Anyone who reads this blog regularly knows I've never been much of a fan of Mike Pence, but I have enough compassion for him to provide this dire warning to him. A take down of your political career is in high gear now. Some of the people in which you placed ill-advised faith are part of an organized attempt to completely discredit you at every turn. Their goal is not simply to dash your presidential ambitions or defeat your re-election bid in 2016 as governor. They intend to force your resignation as Indiana's governor.
The Gannett-owned Indianapolis Star and their man Mitch is behind those efforts. Consider yourself warned. If you thought your life has been a living hell this past week, you haven't seen nothing yet. Look across the border at former U.S. Rep. Aaron Schock at how quickly his political career was taken down when the powers that be decided he had to go if you want to see what they have in store for you. I don't pretend to know what you did to offend them, but you are now their bullseye. Star political columnist Matt Tully, returning from his latest circle jerk club meeting, serves up the latest proof of your pending doom:
Recent months have made one thing clear: You can put those Mike Pence for President campaign buttons, if there were any, back in the drawer.
Something else, meantime, is becoming more obvious with each new mistake: Pence was never meant to be a governor. A partisan and dysfunctional Congress that lives on bright line divisions was his home for 12 years, and that's where he belongs — in a place where a person can rise high by talking well and digging in and not really doing much. A place where, for the most part, you are not held accountable for results.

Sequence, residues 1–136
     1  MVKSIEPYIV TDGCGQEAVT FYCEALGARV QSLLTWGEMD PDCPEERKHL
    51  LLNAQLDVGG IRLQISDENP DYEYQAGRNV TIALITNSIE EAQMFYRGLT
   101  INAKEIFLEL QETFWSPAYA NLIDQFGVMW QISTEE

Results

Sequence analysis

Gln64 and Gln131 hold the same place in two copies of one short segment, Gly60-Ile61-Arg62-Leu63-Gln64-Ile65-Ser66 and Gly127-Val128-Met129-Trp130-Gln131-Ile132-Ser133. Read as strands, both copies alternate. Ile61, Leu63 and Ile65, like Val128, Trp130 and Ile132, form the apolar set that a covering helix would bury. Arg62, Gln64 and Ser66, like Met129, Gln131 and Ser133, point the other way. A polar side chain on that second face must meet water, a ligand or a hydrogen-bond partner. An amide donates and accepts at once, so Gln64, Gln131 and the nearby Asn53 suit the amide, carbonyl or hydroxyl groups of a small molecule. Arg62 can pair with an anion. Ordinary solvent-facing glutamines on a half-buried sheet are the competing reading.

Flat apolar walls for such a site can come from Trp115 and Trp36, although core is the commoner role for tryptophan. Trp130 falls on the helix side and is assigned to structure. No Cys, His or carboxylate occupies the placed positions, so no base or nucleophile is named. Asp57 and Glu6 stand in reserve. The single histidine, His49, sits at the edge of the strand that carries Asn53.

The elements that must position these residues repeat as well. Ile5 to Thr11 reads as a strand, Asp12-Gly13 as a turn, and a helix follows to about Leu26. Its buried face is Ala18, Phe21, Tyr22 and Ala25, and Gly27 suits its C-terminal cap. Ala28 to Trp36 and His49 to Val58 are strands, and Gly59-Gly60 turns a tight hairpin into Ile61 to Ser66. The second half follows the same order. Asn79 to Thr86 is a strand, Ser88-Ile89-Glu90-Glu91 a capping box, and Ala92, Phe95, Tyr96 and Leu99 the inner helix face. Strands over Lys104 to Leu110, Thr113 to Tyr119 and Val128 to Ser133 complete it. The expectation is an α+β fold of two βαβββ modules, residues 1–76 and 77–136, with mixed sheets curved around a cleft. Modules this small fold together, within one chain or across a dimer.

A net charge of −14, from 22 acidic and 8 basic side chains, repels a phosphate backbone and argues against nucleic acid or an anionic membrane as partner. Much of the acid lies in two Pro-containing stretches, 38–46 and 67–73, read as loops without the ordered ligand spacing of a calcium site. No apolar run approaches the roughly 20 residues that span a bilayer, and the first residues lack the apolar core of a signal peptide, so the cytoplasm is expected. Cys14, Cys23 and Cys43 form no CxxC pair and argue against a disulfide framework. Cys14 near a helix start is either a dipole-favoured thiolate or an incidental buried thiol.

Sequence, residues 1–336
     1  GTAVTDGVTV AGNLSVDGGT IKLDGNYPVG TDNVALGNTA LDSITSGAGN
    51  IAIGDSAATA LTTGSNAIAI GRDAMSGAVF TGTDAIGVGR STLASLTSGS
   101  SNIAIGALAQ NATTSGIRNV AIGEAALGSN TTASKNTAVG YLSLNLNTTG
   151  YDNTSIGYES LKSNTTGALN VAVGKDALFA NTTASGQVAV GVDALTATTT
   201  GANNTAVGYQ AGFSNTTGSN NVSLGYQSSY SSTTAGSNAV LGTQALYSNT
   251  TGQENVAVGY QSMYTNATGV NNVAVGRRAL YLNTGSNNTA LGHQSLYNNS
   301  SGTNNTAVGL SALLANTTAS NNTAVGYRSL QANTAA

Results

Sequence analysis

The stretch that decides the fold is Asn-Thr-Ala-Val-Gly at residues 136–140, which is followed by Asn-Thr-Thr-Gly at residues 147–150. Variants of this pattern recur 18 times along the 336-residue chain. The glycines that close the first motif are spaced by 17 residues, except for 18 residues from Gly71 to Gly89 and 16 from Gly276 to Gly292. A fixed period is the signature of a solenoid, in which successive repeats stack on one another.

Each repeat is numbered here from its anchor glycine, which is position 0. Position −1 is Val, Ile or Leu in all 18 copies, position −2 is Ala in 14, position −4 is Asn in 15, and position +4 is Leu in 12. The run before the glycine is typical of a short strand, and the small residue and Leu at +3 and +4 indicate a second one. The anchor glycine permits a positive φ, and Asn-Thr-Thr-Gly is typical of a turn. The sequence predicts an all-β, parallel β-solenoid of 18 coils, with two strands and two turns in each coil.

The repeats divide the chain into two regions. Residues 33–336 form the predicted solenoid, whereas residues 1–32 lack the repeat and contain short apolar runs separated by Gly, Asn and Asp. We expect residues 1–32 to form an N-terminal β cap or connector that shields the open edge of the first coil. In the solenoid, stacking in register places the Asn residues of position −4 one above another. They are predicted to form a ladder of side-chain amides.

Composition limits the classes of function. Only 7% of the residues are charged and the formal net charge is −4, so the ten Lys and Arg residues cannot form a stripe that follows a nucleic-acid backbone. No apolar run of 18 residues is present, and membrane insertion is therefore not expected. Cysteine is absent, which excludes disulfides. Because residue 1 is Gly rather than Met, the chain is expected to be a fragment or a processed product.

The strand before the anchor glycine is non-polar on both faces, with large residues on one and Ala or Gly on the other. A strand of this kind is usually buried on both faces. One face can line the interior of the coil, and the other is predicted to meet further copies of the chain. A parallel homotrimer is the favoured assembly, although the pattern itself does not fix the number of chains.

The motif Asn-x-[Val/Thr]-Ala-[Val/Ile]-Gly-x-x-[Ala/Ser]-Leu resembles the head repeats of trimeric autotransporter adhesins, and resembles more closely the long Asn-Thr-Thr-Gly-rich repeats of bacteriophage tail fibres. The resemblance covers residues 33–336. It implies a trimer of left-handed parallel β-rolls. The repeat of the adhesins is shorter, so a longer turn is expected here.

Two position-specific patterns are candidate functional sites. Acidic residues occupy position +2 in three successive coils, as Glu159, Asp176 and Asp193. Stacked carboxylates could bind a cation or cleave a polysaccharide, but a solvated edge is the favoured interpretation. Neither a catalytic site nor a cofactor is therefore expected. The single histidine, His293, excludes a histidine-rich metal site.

Being a governor is different. It's about being a leader who is forced every day to think pragmatically, who knows that doing no harm is high on the list of requirements, and who understands that the job is at its core about making sure your state's people have a better chance of earning a decent living or getting a great education tomorrow than they do today.
In recent days, Fortune magazine listed former Gov. Mitch Daniels among "the world's 50 greatest leaders." At the same time, Pence, the man who followed Daniels into office, has once again been exposed as a stunningly ineffective leader . . .
For Indiana Republicans, it must be particularly hard to accept what has been lost in these past 27 months: The hard-earned mantle of the party of action and the party of ideas. Under Daniels, it was also a party that had made inroads with minority groups and college students.
For Indiana Republicans, that mantle is lost. It was shattered by a governor who never should have given up his seat in Congress. It was shattered by a governor who is in the wrong job, and whose mistakes have cost Indiana dearly.What can I say, Mike? You lie down with dogs, you wake up with fleas. Remember former Arizona Gov. Evan Mecham, and the role the Star's sister newspaper, The Arizona Republic, had in his take down? Yeah, that ended ugly. Mecham was later acquitted of the charges The Republic trumped up against him, but by that point there was nothing left of his reputation.